The third and final set of molars that a person gets is known as Wisdom teeth and they are the last set of teeth that erupt in your mouth. These teeth normally erupt between the ages of 17 and 25 which are considered as the “Age of Wisdom.” If these teeth are healthy and have proper alignment they could be useful; however, in many cases they are not aligned properly and hence require removal.
If there is insufficient space in the dental arch the growth and eruption of the wisdom tooth is prevented by overlying gum or bone causing it to be impacted. The impacted tooth can either be partial or total. A tooth is said to be partially impacted when a portion of it has broken through the gum; on the other hand a totally impacted cannot break through the gum.
- Overt infection – Pericoronitis
- Unrestorable caries (cavity)
- Periodontal (Gum) disease
- Presence of cysts and tumors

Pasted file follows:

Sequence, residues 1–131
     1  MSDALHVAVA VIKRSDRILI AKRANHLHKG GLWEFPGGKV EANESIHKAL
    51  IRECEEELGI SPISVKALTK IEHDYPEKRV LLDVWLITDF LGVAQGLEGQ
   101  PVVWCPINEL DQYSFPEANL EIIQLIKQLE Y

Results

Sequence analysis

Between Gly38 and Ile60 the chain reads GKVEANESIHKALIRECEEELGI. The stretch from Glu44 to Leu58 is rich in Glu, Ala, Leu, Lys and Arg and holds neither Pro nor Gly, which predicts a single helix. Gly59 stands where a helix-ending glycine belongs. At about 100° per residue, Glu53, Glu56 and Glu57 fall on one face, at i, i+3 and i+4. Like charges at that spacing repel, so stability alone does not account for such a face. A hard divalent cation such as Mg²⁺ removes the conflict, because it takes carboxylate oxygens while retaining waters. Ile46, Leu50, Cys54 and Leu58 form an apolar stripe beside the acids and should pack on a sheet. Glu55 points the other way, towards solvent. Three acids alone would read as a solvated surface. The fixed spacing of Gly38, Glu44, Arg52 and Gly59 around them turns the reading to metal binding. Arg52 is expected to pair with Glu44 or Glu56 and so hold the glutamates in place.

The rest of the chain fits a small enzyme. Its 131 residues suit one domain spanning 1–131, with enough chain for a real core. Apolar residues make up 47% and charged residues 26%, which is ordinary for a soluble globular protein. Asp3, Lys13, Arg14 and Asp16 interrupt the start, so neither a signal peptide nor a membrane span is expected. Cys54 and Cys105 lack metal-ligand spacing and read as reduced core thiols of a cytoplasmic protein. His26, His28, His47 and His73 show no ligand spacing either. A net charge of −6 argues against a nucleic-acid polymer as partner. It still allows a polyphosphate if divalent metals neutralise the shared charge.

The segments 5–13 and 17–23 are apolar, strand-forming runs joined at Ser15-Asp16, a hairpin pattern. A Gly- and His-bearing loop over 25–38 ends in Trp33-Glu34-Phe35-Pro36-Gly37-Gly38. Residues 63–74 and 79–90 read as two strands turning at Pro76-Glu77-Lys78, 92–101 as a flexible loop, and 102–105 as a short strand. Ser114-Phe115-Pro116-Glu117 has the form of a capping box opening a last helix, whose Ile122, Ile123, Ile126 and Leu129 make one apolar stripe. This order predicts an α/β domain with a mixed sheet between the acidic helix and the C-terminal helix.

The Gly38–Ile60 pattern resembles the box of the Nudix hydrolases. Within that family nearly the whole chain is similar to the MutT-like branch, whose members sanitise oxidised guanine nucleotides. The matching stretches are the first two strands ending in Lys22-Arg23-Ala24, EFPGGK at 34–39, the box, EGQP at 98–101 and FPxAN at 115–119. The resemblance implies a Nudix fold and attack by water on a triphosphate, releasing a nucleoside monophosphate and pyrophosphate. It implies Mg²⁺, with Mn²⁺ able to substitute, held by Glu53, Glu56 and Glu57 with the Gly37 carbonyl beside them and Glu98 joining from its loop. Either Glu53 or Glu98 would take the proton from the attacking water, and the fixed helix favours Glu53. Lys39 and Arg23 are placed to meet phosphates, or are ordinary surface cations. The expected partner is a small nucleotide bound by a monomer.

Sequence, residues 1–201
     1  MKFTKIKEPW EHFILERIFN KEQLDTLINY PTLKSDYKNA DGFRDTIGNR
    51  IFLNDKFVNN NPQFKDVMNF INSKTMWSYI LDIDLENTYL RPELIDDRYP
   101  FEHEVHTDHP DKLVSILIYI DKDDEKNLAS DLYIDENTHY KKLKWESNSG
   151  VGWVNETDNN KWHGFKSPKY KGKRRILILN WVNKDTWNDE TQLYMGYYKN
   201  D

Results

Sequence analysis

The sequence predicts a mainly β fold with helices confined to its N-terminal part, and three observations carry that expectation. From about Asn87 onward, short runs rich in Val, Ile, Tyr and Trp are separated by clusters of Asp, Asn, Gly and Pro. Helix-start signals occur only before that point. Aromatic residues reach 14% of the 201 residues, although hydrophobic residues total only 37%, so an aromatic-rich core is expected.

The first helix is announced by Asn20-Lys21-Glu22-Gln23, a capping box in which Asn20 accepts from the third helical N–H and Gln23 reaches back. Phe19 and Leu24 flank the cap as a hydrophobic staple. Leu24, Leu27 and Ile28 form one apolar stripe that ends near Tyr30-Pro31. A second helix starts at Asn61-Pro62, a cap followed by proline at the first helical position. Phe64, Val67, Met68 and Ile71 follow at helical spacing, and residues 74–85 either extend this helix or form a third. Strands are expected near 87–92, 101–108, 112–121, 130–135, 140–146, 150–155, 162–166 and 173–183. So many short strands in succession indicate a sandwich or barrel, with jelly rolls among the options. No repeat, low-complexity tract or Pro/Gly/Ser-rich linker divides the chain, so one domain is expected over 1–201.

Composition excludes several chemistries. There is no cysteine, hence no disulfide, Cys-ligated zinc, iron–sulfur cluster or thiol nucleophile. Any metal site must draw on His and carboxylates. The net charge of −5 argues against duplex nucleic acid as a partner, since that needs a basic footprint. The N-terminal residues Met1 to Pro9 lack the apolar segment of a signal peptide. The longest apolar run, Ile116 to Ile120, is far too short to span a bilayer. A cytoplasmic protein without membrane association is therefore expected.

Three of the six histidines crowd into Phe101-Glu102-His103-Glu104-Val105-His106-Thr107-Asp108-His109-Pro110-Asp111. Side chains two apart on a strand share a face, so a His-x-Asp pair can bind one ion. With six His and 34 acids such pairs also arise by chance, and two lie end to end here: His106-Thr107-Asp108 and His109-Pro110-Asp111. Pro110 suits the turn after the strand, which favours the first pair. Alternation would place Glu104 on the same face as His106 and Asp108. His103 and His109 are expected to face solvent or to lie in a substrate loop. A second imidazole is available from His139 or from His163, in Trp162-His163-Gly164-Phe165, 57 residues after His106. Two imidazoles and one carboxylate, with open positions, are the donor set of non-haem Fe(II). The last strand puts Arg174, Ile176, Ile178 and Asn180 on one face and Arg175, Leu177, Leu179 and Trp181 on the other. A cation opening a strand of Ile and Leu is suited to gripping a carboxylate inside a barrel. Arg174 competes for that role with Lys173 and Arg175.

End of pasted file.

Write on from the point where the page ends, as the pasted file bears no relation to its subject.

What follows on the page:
- If the tooth is the cause for damage to the adjecent tooth
- For orthodontic reasons
- Before orthognathic surgery
- Swelling and redness of the gum around the eruption site
- Difficulty in opening the mouth (trismus)
- A bad odor or taste in the mouth
- Pain in the general area might get transferred to the entire lower jaw or the neck
Prior to getting the surgery you must discuss with your oral and maxillofacial surgeon regarding the details of surgery, what you could expect from this surgery and also the risk factors. Ask as many questions as you want regarding the surgery to understand the details. You must be frank during your discussions with the doctor and explain to him about any existing illnesses that you have and also the medications that you are taking.
Extent of difficulty that can be faced during the removal of the wisdom tooth depends on factors such as position of the tooth, root development etc. The surgical procedure to remove partially or totally impacted wisdom teeth is relatively more complicated.
The dental surgeon might administer local anesthesia, intravenous sedation or general anesthesia for performing wisdom tooth extractions; these are normally done in the Dental office. You could discuss with your oral and maxillofacial surgeon on the anesthetic option suitable for you.
Click on the link below to downlod the informed consent and post-operative instructions